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Article 91 - Psalms 119
Psalms 119 - The Pathway of Faith
Jon Gary Williams
The 119th chapter of Psalms stands as one of the most awe inspiring and informative chapters of this great book. It is by far the longest chapter in Psalms, over twice the length of any other, and is the longest chapter in the entire Bible. While the book of Psalms is actually composed of five books, Psalms 119 makes up a healthy part of the fifth, which begins with chapter 107.
Being the virtual center of the inspired record, Psalms 119 has been called the "hub" of the scriptures. With its central theme being the exalted word of God, around it spins the wonderful message of God's eternal truths.
The writer of this chapter remains in question. It has been attributed to several different men including, of course, king David. Whoever it was, this scribe was of considerable knowledge and able to focus on a diversified range of life experiences and appears to reveal the personal encounters of his own life. We can rightly conclude he was a person of some age, yet was able to reflect on his youthful years. "How can a young man cleanse his way? By taking heed according to Your word" (v. 9). From what we know of king David there is reason to believe he is the likely candidate, a position assumed by many of the Greek fathers.
This chapter reveals an unusual arrangement unlike any other found in the Old Testament. It is divided into twenty-two sections which correspond remarkably to the twenty-two letters of the Hebrew alphabet. This is no accident and testifies to the divine nature of Scripture. At the beginning of these sections is found in precise order the names of the twenty-two Hebrew letters. Additionally, each of these twenty-two sections contains exactly eight verses. By inspiration the composer of this chapter was uniquely explicit in his arrangement. It is, indeed, the marvelous "Alphabetical Psalm." Worthy of note, is the fact that the sacred name of "Jehovah" is recorded twenty-two times as well.
Psalms 119 contains numerous proverbial statements. Over and over it deals with such topics as: responsibility, adversity, prosperity, truth, temptation, righteousness, affliction, mercy, pride, covetousness, vanity, iniquity and lying. The remarkable thing is that throughout the text these thoughts are in some way associated with the word of God. In every instance God's word is the pivotal connector from which the writer draws the lessons.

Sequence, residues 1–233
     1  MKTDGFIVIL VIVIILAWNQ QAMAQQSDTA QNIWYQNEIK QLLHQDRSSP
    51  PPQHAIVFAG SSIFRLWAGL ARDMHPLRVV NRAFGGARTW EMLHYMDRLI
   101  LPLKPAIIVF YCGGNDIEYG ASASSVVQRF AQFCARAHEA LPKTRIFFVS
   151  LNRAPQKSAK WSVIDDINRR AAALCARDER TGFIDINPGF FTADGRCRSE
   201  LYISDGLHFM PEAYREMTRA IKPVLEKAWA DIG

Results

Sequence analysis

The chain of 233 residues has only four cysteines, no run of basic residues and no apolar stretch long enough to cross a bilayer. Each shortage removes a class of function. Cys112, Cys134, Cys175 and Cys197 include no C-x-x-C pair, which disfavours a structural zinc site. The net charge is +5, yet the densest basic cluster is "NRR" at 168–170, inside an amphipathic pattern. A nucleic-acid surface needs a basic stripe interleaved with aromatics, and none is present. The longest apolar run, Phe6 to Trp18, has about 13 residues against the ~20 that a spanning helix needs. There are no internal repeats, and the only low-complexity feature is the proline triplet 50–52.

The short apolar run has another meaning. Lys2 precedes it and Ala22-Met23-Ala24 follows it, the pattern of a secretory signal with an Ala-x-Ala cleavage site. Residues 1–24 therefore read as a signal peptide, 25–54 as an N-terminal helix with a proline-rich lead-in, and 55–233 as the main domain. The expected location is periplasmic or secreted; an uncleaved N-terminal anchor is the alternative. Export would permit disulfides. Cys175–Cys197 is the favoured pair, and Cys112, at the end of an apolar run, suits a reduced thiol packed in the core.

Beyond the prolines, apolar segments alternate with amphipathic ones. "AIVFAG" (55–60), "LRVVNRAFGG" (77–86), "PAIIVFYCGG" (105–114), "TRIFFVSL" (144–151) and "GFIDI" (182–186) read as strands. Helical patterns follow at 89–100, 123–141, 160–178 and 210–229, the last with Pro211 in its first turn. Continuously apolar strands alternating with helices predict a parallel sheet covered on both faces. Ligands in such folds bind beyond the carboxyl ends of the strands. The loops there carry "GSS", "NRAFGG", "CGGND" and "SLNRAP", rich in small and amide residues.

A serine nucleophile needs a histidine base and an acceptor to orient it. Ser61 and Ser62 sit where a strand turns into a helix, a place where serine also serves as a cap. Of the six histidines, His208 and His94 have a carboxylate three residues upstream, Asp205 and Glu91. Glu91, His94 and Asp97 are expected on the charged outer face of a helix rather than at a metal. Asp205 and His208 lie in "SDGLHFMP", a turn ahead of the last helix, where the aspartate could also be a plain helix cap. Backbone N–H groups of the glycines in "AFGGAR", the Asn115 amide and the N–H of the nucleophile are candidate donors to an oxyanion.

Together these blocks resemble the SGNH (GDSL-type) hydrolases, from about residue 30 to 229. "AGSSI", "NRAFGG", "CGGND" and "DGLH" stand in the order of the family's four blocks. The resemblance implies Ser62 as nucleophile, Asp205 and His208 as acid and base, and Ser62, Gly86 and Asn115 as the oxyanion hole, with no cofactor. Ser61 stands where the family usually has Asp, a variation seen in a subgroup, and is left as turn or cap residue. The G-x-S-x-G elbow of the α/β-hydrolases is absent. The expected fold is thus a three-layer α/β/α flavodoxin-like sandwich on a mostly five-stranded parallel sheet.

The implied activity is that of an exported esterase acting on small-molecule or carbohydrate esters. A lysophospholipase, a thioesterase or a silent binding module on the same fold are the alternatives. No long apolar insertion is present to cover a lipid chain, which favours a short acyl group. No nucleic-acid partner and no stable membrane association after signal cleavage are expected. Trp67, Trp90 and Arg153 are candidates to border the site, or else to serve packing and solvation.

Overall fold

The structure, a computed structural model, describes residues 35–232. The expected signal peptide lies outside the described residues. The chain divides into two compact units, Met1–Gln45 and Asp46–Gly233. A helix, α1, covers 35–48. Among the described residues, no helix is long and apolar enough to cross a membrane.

While there is no grouping of subjects, this psalm is made up of a wealth of meditations and prayers regarding the law of God. It is virtually a psalm of praise to the law of God and a chapter of Hebrew praises which extol the matchless value of God's word. It is a testimony to the importance God attaches to the written scriptures.
Probably the most notable feature of Psalms 119 is the repeated use of synonymous terms describing God's word. Such terms as "testimony," "way," "precepts," "statues," "commandments," "judgments," "laws," and of course, "word" are dispersed throughout the chapter. These descriptive Hebrew words are found in 172 of the 176 verses, the exceptions being verses 90, 121, 122 and 132.
Reading this psalm, one is captured by the extraordinary way these nouns are repeatedly used to describe the value of God's word, yet not seeming at all to be repetitious. Just here Barne's comments are appropriate. "It is remarkable that a single subject could be pursued so far with so much variety, and with so little that can be regarded as repetition; for there are perhaps no two verses in the psalm so exactly similar that there cannot be seen, either in themselves, or in their connection, some new phrase given to the subject, or some new shade of thought not expressed elsewhere." (Notes On The Old Testament, Psalms, Vol. III, p. 176).
Many times God's holy word is attributed with such marvelous characteristics as giving direction (v. 5), counseling (v. 24), encouraging (v. 33), righteous affliction and persecution (vv. 75, 86), teaching, (v. 102), giving light (v. 130), creating love (v. 140), giving understanding (v. 144), providing truth (v. 160) and providing peace (v. 165).
Psalms 119 contains a number of memorable verses which students of the Bible easily call to mind. "Your word have I hidden in my heart, that I might not sin against You." (v. 11). "It is good for me that I have been afflicted." (v. 71). "Forever, O Lord, Your word is settled in heaven." (v. 89). "O how I love Your law! It is my meditation all the day." (v. 97). "How sweet are Your words to my taste, sweeter than honey to my mouth." (v. 103). "The entrance of Your words gives light; it gives understanding to the simple." (v. 130). One of the most recognized verses in the entire Bible (the John 3:16 of the Old Testament) is, "Your word is a lamp to my feet and a light to my path." (v. 105).
In this Psalm is found an immeasurable collection of information, a wealth of material designed to help us more accurately appreciate the value of God's written message. A thoughtful reading of these 176 verses leads to greater esteem for all the inspired record. Its profound message creates in the heart more love for its eternal truths.